April 2, 2011

Dead Donkey Trail

Steve's plan for the day was to locate an historic trail, the "Sand Slide" going into Horseshoe Canyon. In reading an interview with an old-time cowboy, Ned Chaffin, Steve learned that the Chaffin family drove cattle back and forth from Robber's Roost to Horseshoe Canyon via the Sand Slide, proceeding on through the Green River corridor (cliffs shown in photo above) to their ranch in Green River, Utah.  Since Horseshoe Canyon and the Green River corridor are both hemmed in by sandstone cliffs, there are only a few ways in and out, and the Sand Slide is one of the few.  Outlaws used this same path to and from their Robber's Roost hideaway.
By studying maps and Google Earth, Steve thought he knew where the Slide was, and since the cowboys could get there, he figured we could, too.
Easier said than done!  This is very rough country with lots of sandstone (also known as slickrock, for good reason). We found a "trail" of sorts, which seemed to lead in the right direction.  After due consideration and a good look at the steep descent, Steve proceeded on foot while I stayed behind with the horses.  Maybe the cowboys took horses and cows down to the Slide that way, maybe not.  But this "trail" was definitely risky for equines.  We weren't taking any chances. 
One of the wild burros found the slickrock a little too slick, apparently.
From the condition of his teeth, he was young.  And foolish.
He took a wrong step in the wrong place and suffered a nasty and fatal fall. (The dead burro rests in a hole at the bottom of the photo, out of sight except for the tip of one bone.)
No, Daisy. Don't swim there!
Here's a nice pool for you.
With Daisy refreshed, Steve kept going.  Anyone who knows him, knows he wasn't going to give up easily.  He found a way down the slickrock, and located the Sand Slide below that, leading directly into Horseshoe Canyon.
The tracks going through the sand were made by feral cattle.  Their ancestors were brought in by early ranchers, and they've been living and breeding in upper Horseshoe Canyon since the early 1900's.  You can see 3 of them as pinpoints in the center of the photo above, with a wily old bull in the lead.  When Steve approached within 1000 yards, they skedaddled.  Here they are, enlarged:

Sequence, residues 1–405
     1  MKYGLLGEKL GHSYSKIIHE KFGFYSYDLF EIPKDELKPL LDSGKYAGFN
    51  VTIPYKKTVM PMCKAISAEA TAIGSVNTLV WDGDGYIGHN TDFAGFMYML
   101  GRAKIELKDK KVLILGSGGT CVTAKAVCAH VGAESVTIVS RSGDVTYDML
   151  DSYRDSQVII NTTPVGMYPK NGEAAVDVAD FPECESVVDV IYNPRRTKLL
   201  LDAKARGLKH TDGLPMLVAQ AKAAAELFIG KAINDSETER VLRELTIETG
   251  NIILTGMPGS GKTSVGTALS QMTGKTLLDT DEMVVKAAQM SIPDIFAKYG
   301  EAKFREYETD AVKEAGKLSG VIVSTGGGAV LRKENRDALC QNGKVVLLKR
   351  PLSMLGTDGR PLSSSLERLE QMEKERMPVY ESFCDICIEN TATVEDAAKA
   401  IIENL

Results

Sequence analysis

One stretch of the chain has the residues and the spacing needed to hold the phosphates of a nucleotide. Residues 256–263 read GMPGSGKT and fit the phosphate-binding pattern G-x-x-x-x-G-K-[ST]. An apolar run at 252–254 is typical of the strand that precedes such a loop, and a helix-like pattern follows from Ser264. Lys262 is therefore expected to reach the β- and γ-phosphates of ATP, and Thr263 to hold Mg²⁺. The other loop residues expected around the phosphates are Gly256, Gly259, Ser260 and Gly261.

The Sand Slide was found.  Mission accomplished.  Except we didn't really believe the cowboys reached the Slide by way of Steve and Daisy's Dead Donkey Trail.  There had to be an easier, more horse-friendly trail through the slickrock.
Conclusion?  We had more exploring to do!


  1. Such an awesome adventure. I don't think I'd have even walked down that slick rock. Sure hope you find the right path.

  2. Not only do I love the photos showing these magnificent trails you go on, I also love to read all about their history. Thanks Janie and thanks Steve for researching them so thoroughly.

  3. Janie what a wonderful post. As I mentioned PBS had a special on Canyonlands two nights ago and it is wonderful to read your post and actually know some of the history and have you add your first hand experiences. Thanks so much for sharing your amazing experiences and photos.

  4. P.S. I love your header photo, the colours are soooo beautiful.

  5. Poor burro. No that doesn't look like a place where men drove cattle!

    Magnificent scenes!

  6. Now that really does look like the back of beyond.
    I hope you didn't come across too many more skeletons . . .

  7. wow yall have such great adventures...

  8. I was able to catch up on the month of posts you made while we were on the road. Oh I miss your slickrock country. I see now the benefit of horses. You are able to see a lot more country than I do on foot. Neat find on the unlucky burro.

  9. That's a great post! Took me a good minute to find those feral cattle. Those pools must be refreshing once it warms up ... assuming they are still there? And good eye about the fallen donkey not being long in the tooth. I thought they had better footing than that, but maybe that rock is very slick.

  10. I truly think you should write a book on all of this!!!!

  11. There is no stopping Steve from accomplishing his mission.. he's a western style 007 and Mission Impossible all rolled up in one.
    You two have become quite the historians, Janie.
    I have learned a lot from your adventures into the unknown.. Thanks!

    Happy trails
    you two be well and stay safe

  12. Steve is a determined man isn't he??
    My heart hurts for the young and foolish burro!
    Great views!

  13. I really like the colour of the sandstone and soil here. The stone does look slick!

  14. I have never before heard of feral cattle. Why not we have feral horses, pigs, and dogs.

  15. wow--that was an interesting ride today.

  16. Look at the photos that accompany the NPS.org interview with Ned. The spot with the burro skeleton is in one of them I believe and if I'm not mistaken, taken from nearly the same vantage point as your photo looking back up the hill. 3 men ascending, on horseback. :)



Blog Widget by LinkWithin